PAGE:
All of these process copper scrap and concentrates, typically to produce blister copper of 98-99% copper content, which is an intermediate product used in cathode production.
The five smelters have combined primary smelting capacity for 375,000 tonnes per year of blister copper, according to data seen by Fastmarkets.
This is roughly equivalent to processing capacity for 1.5 million tpy of copper concentrates. Nonetheless, the operations have been running at reduced capacity this year.
The closures came at a time when key sources of smelter revenue - such as concentrate treatment charges (TCs), copper prices, cathode premiums and sulfuric acid prices - were at multi-year lows, putting further strain on margins.
“The big smelters might achieve a TC level [in the range] of $50s [per tonne] but we could only get $40s [per tonne]. Small smelters like us are facing very tough times,” a source familiar with a closed operation said.
In late August, Fastmarkets’ copper concentrates TC index, cif Asia Pacific, dropped to $49.20 per tonne/4.92 cents per lb, the lowest level since it was launched in 2013, before rebounding slightly in the past few weeks. It was assessed on Friday September 20 at $50.8 per tonne/5.08 cents per lb.
The capacity taken off the market was small compared with China’s total copper production of 8.9 million tonnes in 2018.
Nevertheless, the shutdowns show how copper processors are being squeezed between weaker global demand for copper and a concentrates market in which market terms are at their least favorable for buyers in more than five years.
The closures, particularly among small-scale smelters, could be the start of a longer-term trend, BMO Capital Markets’ director of commodities research, Colin Hamilton, told Fastmarkets.
“They’re now looking at a period when TCs are going to be low for a while, and for the big guys to settle at that level is pointing the smaller guys into a lower market,” Hamilton said. “Less-efficient smelters will be struggling where we are on a spot [market] basis.”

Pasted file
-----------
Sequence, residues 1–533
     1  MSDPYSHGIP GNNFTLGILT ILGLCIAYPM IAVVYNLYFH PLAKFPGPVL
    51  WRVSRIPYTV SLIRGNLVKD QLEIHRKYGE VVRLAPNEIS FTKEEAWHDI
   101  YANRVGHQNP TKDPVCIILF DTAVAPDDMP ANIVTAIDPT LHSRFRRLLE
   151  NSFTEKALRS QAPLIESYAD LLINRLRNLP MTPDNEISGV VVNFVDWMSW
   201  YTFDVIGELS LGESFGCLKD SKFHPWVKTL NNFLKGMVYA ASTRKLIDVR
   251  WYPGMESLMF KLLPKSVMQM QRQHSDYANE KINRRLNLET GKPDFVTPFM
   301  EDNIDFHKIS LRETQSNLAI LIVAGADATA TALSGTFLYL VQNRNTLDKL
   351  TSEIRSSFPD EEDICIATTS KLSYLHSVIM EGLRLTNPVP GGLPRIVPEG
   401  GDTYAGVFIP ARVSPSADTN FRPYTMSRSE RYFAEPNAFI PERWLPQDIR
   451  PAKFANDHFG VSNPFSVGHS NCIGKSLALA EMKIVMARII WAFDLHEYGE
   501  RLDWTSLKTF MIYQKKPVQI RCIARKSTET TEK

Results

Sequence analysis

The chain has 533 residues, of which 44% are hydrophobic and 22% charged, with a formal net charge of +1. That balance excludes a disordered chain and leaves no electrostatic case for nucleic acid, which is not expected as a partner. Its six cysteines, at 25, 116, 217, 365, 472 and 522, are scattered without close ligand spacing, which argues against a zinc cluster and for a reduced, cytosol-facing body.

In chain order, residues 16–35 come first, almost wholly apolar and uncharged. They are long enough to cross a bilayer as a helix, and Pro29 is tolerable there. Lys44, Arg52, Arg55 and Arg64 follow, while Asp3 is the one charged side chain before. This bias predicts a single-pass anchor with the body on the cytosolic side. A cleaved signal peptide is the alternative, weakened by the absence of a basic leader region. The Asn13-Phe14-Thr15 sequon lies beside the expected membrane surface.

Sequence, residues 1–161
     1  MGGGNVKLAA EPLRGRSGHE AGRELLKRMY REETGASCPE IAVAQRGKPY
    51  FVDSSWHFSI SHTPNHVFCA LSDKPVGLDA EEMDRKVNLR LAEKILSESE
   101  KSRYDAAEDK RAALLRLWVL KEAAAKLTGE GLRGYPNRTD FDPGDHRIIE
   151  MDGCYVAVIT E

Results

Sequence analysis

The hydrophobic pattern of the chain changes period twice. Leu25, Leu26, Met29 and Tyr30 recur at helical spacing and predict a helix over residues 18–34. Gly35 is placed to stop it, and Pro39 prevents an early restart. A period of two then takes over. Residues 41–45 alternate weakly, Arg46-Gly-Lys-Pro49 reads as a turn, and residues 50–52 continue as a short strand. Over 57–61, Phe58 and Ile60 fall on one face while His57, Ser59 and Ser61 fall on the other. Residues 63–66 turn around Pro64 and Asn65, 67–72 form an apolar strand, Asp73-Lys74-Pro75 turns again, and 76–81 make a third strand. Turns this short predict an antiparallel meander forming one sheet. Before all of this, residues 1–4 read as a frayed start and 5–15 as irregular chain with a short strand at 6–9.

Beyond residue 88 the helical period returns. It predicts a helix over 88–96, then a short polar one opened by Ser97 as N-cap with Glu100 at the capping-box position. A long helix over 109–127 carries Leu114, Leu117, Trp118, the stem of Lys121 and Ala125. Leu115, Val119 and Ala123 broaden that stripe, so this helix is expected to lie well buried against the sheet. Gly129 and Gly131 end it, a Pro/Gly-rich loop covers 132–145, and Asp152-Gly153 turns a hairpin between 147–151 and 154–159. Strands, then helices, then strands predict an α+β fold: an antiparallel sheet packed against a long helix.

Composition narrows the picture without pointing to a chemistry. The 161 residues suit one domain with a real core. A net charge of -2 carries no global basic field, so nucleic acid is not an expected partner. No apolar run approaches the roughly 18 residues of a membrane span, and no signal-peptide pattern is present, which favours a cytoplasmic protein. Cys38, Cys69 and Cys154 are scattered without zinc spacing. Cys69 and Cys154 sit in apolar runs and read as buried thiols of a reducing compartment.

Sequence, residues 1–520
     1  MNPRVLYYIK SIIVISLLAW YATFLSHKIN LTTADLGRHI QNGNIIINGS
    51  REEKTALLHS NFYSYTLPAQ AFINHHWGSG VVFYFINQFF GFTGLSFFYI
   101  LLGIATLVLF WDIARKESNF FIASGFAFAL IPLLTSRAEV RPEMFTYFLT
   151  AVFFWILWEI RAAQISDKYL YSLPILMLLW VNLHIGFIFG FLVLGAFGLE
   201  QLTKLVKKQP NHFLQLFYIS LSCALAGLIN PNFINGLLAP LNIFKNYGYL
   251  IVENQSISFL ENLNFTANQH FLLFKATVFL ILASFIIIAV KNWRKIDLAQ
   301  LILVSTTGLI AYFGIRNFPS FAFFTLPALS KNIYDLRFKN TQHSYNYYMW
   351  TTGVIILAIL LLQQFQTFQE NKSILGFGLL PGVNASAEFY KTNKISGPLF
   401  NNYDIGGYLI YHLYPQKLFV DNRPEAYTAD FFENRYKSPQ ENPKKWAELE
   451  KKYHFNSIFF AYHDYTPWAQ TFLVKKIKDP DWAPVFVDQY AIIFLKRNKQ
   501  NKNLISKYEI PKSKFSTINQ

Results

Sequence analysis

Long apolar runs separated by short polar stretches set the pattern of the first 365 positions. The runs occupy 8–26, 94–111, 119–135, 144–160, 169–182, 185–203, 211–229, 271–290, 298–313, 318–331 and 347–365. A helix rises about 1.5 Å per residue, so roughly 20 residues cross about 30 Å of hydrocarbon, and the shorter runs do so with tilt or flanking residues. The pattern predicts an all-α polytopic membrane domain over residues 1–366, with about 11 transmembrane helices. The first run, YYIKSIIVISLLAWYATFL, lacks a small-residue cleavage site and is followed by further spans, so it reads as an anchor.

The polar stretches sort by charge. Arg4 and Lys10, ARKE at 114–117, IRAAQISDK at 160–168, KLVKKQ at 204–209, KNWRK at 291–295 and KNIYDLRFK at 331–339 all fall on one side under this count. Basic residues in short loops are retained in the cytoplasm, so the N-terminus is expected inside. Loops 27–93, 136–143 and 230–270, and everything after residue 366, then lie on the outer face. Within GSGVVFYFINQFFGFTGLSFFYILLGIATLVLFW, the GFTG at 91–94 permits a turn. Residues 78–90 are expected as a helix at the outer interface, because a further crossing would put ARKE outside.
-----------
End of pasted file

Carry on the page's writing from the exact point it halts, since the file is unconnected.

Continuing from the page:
Despite this, China’s stricter anti-pollution policy has set a higher barrier for the smelting business. For instance, Kaitong was fined by the Yunnan regional government for improper treatment of dust and sewage that contained metals, according to an official statement in May 2019.
For some observers, the struggles faced by such private firms was an example of a contradictory rhetoric for the Chinese copper industry, given that smelters operated by state-owned enterprises (SOEs) carried on with ambitious expansion plans despite adverse market conditions.
Contrast to expansion of state-owned smelters
Daye Nonferrous, one of China’s largest copper smelters, recently decided to go ahead with construction of a 400,000-tpy ‘double flash’ smelter, scheduled to be complete by the end of 2020.
The Daye construction will be the latest addition to copper-smelting capacity since the debuts of Chinalco’s 400,000-tpy Ningde smelter and 400,000-tpy Chifeng smelter, and Guangxi’s 300,000-tpy Nanguo facility, which all commenced operations in the past 12 months.
The ambitious expansion of SOEs and the shrinking businesses of their smaller peers, a de-facto industry consolidation, is already taking place. The increased presence of large operations, which are more likely to procure material from overseas, could mean a growing appetite in China for imported copper concentrates.
In July this year, at least four months earlier than was expected, Chilean copper miner Antofagasta agreed a concentrate supply deal with China’s two largest copper smelters, Jiangxi Copper and Tongling Nonferrous, as Fastmarkets reported at the time.
The unusually early deal pointed to the rising bargaining power of sellers at a time of tight supply expectation.
Antofagasta signed for parts of next year with the TCs paid to smelters for the processing of concentrates set at $65-68 per tonne/6.5-6.8 cents per lb in China and Japan. This was significantly lower than last year’s benchmark price of $80.8 per tonne/8.08 cents per lb.